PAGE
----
“I'm with my wife and we go to this restaurant where there is this little boy. He points to me, and I'm thinking, okay, here we go. He wanted his mom to go over there to where I was, so they could take a picture.”

As he became more comfortable in uniform and as a chaplain he made it his goal to help people with their stress.

“I've always had a deep compassion for warriors. My doctoral work and my whole heart is in helping people who've seen the unseeable stuff that they see with their waking eyes. I'm all about resiliency and helping people deal with trauma.”

His outlook on resiliency came from a combination of events, including one that happened while he was a chaplain.

“My nephew was shot down and killed in Iraq. He left a spouse, three boys and one in the womb. I used to keep this photo on my desk. It was a pregnant woman laying on a mattress in front of a flag draped coffin that was being guarded by a Marine and that was to remind me that we were at war. After Josh died, I didn't need any reminders.”

Tillery said he will continue his work of helping people after he retires.

“Whatever I do, wherever I go, I will reach out to men and women who have been harmed by war. I am dedicated to helping those individuals and their families.”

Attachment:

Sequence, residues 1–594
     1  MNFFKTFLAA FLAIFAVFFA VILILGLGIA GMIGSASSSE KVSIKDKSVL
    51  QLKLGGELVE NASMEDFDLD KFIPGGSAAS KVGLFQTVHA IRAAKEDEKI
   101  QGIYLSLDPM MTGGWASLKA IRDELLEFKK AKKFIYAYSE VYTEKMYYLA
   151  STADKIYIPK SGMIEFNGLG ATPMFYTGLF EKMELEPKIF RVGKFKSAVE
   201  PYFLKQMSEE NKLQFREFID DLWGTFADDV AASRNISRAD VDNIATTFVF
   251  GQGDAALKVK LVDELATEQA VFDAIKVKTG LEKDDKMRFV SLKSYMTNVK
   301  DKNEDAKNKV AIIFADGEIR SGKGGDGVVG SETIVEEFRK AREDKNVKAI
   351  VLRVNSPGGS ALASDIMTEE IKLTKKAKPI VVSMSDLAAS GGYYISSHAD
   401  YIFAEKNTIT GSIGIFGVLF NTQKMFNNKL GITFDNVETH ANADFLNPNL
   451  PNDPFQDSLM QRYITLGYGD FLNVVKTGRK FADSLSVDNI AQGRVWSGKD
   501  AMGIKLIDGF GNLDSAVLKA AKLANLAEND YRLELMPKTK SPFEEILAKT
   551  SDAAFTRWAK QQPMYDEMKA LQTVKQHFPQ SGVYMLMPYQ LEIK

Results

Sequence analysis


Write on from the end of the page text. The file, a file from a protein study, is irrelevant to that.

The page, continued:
With his retirement approaching, he wanted to make one thing clear about his service.

“Back in the day, when you said Vietnam Era vet, everyone knew that you weren't in country. A Vietnam vet was ‘in-country,’ while a Vietnam Era vet was ‘in’ during that time. That honor belongs to them, not to me. Mine is an accident of chronology, which I do appreciate and recognize.”

A final piece of advice Tillery wanted to provide service members:

“Do not look into the distant future, but do with all your heart what is in front of you right now. Don't worry about your career. Don't worry about your promotion. Just do what is right and do what is good and those things will follow. Those things will come from a life worth living.”

*Quotes pulled from “Chaplain overcomes adversity, delivers hope” a story by Staff Sgt. Katherine Tereyama from Aviano Air base, Italy, on May 22, 2013. Full story here